On the evening the Stamp Act passed, Dr. Franklin, then in London, writes to Charles Thompson, as follows:—“The sun of liberty is set: the Americans must light the lamps of industry and economy.” Thompson answers, “Be assured we shall light torches of quite another kind.”
They then marched up Fort Hill, still following the two figures, jack-boot, horns and all. Here they kindled a bonfire with them, returned to Oliver’s house with clubs and staves, and destroyed every part of his gardens, fences and out-houses, in less time than the old gentleman would have taken to count them.
Torches of Another Kind
IN Boston, early in the morning of August 14th , two images of men, called effigies, were found hanging on the branch of an old elm, near the southern entrance of the city. One represented a stamp-officer. There was a great jack-boot also, out of which rose a horned head, which seemed to look around. The people collected in crowds from the city and country. About, dusk, the images were taken down, placed on a bier, and carried about in solemn procession. The people followed, stamping and shouting, “Liberty and property for ever—no stamps.”
They passed through the town-house, down King street, into Kilby street, halted at the house of one Oliver, which they supposed to be meant for a stamp office, and demolished it from top to bottom; they carried off the wood, marched through, the streets, with a tremendous noise, to the dwelling of Oliver himself; and there, having gone through the ceremony of chopping off that gentleman’s head, in effigy, broke in his windows in an instant.
They then marched up Fort Hill, still following the two figures, jack-boot, horns and all. Here they kindled a bonfire with them, returned to Oliver’s house with clubs and staves, and destroyed every part of his gardens, fences and out-houses, in less time than the old gentleman would have taken to count them. Oliver did not tarry to count them, but left a few friends in his house, and fled with all possible speed. His friends offended the multitude, and they broke open the doors, and destroyed all the furniture in the lower story. Mr. Oliver gave notice the next day, that he had concluded not to serve as a stamp-officer. The people went to his house in the evening again, gave him three cheers of encouragement, and left him without further damage to himself, his house, or his effigy.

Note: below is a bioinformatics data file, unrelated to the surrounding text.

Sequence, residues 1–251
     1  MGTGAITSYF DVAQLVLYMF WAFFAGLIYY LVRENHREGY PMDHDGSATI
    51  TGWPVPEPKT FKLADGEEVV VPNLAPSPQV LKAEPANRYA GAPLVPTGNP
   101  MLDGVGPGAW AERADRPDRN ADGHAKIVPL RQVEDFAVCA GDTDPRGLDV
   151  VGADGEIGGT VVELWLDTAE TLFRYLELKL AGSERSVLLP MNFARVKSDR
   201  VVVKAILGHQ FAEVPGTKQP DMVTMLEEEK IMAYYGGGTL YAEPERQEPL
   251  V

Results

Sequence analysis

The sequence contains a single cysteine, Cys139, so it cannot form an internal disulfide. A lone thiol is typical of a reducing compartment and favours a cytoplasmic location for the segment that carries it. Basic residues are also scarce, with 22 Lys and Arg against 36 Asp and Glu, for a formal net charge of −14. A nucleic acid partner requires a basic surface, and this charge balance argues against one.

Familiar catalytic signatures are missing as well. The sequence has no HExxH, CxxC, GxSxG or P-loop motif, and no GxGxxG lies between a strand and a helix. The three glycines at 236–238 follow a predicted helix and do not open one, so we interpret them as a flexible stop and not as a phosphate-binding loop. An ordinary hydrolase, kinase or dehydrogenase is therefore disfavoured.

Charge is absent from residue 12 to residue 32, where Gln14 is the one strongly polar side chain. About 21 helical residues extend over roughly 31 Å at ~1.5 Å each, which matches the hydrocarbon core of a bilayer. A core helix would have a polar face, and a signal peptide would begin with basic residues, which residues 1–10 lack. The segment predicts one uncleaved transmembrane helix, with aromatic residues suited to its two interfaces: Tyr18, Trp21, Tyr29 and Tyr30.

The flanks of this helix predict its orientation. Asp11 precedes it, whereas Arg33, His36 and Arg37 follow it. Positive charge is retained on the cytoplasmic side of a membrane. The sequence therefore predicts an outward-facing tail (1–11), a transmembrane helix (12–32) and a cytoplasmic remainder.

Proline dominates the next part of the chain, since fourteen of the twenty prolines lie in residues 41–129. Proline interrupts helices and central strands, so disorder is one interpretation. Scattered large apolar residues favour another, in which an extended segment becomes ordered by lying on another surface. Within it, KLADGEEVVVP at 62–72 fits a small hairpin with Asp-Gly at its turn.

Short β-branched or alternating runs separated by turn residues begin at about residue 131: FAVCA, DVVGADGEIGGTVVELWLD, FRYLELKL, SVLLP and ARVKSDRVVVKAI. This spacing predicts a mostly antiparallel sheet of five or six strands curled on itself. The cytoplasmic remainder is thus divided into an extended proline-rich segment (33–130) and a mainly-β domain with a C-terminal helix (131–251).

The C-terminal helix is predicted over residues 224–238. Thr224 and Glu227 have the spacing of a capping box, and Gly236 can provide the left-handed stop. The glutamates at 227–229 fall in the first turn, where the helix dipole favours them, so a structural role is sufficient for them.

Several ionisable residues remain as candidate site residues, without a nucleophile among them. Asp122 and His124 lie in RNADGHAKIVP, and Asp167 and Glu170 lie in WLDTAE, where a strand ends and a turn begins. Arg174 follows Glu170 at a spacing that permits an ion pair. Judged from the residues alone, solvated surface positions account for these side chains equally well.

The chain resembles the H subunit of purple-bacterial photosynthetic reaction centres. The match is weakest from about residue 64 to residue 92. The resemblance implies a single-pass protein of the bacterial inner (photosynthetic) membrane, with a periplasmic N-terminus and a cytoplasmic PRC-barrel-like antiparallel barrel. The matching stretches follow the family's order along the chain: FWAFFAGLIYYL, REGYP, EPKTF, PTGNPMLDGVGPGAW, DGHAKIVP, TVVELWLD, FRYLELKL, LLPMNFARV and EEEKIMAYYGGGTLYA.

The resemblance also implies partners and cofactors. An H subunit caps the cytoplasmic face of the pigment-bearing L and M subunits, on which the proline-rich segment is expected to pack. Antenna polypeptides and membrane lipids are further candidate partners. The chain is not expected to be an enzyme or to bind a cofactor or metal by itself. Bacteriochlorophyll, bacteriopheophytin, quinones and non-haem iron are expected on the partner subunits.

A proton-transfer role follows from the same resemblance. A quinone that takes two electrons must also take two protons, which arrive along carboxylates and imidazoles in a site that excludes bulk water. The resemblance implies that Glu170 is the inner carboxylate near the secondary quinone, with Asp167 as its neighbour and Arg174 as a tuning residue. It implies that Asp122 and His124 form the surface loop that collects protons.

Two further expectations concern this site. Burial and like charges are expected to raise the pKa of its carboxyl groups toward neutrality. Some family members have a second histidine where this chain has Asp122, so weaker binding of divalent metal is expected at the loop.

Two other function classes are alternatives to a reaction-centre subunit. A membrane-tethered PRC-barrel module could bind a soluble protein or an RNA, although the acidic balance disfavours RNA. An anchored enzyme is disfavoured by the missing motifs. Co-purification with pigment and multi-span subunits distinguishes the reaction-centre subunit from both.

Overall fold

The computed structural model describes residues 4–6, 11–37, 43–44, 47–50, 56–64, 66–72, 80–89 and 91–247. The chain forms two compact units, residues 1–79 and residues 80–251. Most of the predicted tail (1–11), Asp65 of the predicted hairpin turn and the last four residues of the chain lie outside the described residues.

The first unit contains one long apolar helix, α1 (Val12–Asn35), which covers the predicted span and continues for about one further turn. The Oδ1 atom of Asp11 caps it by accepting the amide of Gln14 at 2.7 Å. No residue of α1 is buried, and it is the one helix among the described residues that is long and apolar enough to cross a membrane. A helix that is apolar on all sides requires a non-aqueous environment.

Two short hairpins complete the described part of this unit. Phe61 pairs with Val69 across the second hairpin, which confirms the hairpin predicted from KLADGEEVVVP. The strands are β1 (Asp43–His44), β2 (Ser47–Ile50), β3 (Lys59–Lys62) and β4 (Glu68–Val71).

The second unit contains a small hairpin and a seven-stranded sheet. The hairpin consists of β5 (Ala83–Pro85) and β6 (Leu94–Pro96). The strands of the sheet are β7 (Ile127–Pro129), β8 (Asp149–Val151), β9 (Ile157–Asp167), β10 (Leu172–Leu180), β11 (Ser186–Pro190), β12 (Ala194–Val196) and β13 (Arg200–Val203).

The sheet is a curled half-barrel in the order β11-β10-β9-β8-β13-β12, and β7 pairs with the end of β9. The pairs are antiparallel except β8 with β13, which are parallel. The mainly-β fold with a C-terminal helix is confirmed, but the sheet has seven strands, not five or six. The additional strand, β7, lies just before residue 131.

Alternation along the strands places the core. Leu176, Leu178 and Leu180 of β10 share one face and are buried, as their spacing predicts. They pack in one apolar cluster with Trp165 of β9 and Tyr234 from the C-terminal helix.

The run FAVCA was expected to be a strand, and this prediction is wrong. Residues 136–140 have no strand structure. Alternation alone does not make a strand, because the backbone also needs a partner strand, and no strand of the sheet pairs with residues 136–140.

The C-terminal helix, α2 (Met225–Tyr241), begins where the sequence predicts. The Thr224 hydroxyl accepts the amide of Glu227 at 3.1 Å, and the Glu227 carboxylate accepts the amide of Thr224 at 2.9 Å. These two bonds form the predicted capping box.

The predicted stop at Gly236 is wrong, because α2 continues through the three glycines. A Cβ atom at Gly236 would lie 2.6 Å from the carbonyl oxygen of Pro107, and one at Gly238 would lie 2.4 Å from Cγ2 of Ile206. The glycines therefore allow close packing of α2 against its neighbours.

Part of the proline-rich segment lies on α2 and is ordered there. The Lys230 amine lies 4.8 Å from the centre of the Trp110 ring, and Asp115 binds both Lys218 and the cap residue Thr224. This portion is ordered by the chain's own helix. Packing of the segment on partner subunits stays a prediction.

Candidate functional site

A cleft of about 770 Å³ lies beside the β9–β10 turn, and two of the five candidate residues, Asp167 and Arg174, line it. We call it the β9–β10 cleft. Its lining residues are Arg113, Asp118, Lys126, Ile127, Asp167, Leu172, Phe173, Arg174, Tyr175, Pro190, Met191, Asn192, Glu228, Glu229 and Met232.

The people had now another person to attend to. Having heard that Lieutenant-Governor Hutchinson had written to England in favor of the stamp duties, they visited his house in great numbers. As he assured them, however, that he had written no such thing, they applauded him with shouts, kindled a bonfire, and went home. August 26th, the disorders began again. Some boys were playing round a fire in King street. The fireward coming to extinguish it, some one whispered him to keep back. The advice was followed by a few blows, and a few kicks, and he was soon persuaded to withdraw.
Meanwhile, a particular whistle was heard from several quarters, followed by cries of, “Sirrah! Sirrah!” A long train of persons then came up, disguised, and armed with clubs and bludgeons. They proceeded to surround the house of one Paxton, harbor-master. He thought it well to absent himself; but the crowd followed him to a tavern, where he persuaded them not to destroy his house. They broke open the office and house of Story, another crown officer, opposite the court house; burned the files and records in the first, and destroyed the furniture in the other.
They afterwards paid some attentions of the same kind to Mr. Hallowell, collector of the duties, drank up the wine in his cellar, and carried off some hundred dollars of his money. They visited Mr. Hutchinson once more about ten o’clock in the evening, and carried off his plate, pictures, furniture, clothing, manuscripts, and about 3000 dollars in cash. These things show that the mob was excessively violent. The more respectable men were less excited. Some of the ringleaders of these riots were imprisoned, though soon released. The governor offered rewards for the discovery of others: a nightly watch was appointed, and, at a numerous town meeting, the selectmen of the town were desired to use every effort to prevent these disorders for the future.
—Lambert Lilly, The Story of the American Revolution (1830).